On redirect examination, he testified that the hat which Tate wore throughout the robbery had a round brim which covered the scar on his forehead.

Harvey Gentry, security officer for Sears at 6233 S. Halsted

On October 23, 1973, he responded to a call at the store's radio and television department, where he observed Ernest Tate and a Mr. Sellers who was accepting a sales slip from a salesman. Sellers and Tate left together and went to the fourth floor credit department. After he called the operator for assistance, he and other security officers arrested Sellers and Tate and took them to the security officer on the second floor. Sellers had in his possession the sales slip, a Sears credit card, a driver's license and other identification cards, all of which bore the name of Richard Meiners. The driver's license was later given to the police, and the credit card was given to a Mr. Lockett and put in the file. It is company policy that when a credit card belonging to someone else is recovered the credit card is destroyed and a new one issued. To the best of his knowledge this is what happened to Meiners' card.

On cross-examination he acknowledged having a conversation in the afternoon of October 23 with Officers Murray and Halberson at the Racine Police Station, but denied telling them that Sellers told the salesman he would have to go to his car to get the credit card. The saleslip and credit card were put into an envelope, but he did not recall what happened to it. He admitted that he never heard any conversation between Tate and Sellers. He acknowledged that after a search, he found that Tate had nothing belonging to Meiners.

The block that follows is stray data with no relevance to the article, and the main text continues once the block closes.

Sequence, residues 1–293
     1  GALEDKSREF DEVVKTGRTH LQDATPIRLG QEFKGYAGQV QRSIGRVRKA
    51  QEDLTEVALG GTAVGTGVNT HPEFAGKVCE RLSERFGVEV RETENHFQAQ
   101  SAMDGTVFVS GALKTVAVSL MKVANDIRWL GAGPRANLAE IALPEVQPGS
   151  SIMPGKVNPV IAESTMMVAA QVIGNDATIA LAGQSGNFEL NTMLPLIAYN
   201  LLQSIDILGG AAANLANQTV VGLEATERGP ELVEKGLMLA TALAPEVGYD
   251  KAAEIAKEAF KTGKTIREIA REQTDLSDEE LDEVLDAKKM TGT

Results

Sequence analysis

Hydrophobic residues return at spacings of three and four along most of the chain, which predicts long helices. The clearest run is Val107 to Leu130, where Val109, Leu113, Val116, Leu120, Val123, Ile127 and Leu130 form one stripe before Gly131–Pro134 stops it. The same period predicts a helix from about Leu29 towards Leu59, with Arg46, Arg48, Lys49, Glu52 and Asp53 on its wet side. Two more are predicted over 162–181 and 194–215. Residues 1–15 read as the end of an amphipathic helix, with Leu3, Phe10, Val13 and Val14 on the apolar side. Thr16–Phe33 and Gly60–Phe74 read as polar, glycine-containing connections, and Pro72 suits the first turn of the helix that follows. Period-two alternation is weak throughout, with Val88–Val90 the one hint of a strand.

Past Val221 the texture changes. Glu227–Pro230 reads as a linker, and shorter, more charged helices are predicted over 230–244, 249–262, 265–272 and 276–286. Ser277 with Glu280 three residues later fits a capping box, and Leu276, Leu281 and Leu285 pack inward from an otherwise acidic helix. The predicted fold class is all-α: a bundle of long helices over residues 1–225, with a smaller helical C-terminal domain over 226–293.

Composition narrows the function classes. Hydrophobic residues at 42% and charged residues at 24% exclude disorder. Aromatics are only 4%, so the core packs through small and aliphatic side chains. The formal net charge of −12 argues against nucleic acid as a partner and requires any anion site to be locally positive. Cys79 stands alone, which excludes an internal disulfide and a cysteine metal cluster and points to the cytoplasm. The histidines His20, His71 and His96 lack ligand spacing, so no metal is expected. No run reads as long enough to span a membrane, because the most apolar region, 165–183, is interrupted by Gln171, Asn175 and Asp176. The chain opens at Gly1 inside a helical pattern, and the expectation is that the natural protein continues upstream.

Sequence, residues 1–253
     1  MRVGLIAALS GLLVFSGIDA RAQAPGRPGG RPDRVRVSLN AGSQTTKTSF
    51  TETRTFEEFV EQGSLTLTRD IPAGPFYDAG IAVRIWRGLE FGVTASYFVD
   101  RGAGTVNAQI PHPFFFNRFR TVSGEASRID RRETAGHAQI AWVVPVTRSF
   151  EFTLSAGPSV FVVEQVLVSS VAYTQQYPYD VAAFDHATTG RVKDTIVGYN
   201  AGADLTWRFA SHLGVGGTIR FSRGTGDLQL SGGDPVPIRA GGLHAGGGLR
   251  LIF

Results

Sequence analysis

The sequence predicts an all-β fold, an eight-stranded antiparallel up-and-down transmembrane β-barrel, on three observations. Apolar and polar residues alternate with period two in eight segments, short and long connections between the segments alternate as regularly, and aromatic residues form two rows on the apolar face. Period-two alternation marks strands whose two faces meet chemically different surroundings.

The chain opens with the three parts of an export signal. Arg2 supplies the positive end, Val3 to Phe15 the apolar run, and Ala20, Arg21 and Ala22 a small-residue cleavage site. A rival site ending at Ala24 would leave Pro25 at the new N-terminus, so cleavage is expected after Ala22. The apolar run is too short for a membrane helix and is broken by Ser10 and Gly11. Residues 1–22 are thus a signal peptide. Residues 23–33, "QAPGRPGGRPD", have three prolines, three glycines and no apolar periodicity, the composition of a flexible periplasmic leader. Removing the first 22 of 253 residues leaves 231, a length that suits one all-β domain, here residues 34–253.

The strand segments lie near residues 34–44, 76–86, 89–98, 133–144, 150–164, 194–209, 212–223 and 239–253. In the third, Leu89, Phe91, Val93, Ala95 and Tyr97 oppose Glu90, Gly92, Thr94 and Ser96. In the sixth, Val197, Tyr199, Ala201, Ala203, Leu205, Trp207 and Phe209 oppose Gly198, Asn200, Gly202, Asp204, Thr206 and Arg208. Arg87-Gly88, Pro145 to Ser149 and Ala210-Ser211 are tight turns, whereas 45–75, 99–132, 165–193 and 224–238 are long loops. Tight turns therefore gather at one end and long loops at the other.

William F. Murray, Chicago Police Investigator

On the afternoon of October 23, 1973, he met with Richard Meiners and later with Harvey Gentry at the police station. Gentry gave him Meiners' driver's license, which he returned to him. A lineup in which Tate and Sellers were the third and fifth men was conducted at the station. Following an identification by Meiners, he arrested Tate on the charge of armed robbery. Tate and Sellers were both searched and found to have Kool cigarettes in their possession.

On cross-examination he acknowledged that he only observed the second search of Tate which was conducted after the lineup and that nothing with Meiners' name on it was taken from Tate at that time. He did not see a motel key, but did find a motel receipt which he returned to Tate. He acknowledged that Sellers told him he was 5'9" and that Tate in his shoes appeared to be 5'11". He denied that Sellers appeared taller than Tate in the lineup, but admitted that in his report he described Sellers as being 6 feet and Tate as being 5'9".

On re-direct examination, he stated that his lineup report showed Sellers' height as 5'9", that the information is based on interview and observations, and that there are no facilities at the station for weighing and measuring prisoners.

For the Defense

William F. Murray, Chicago Police ...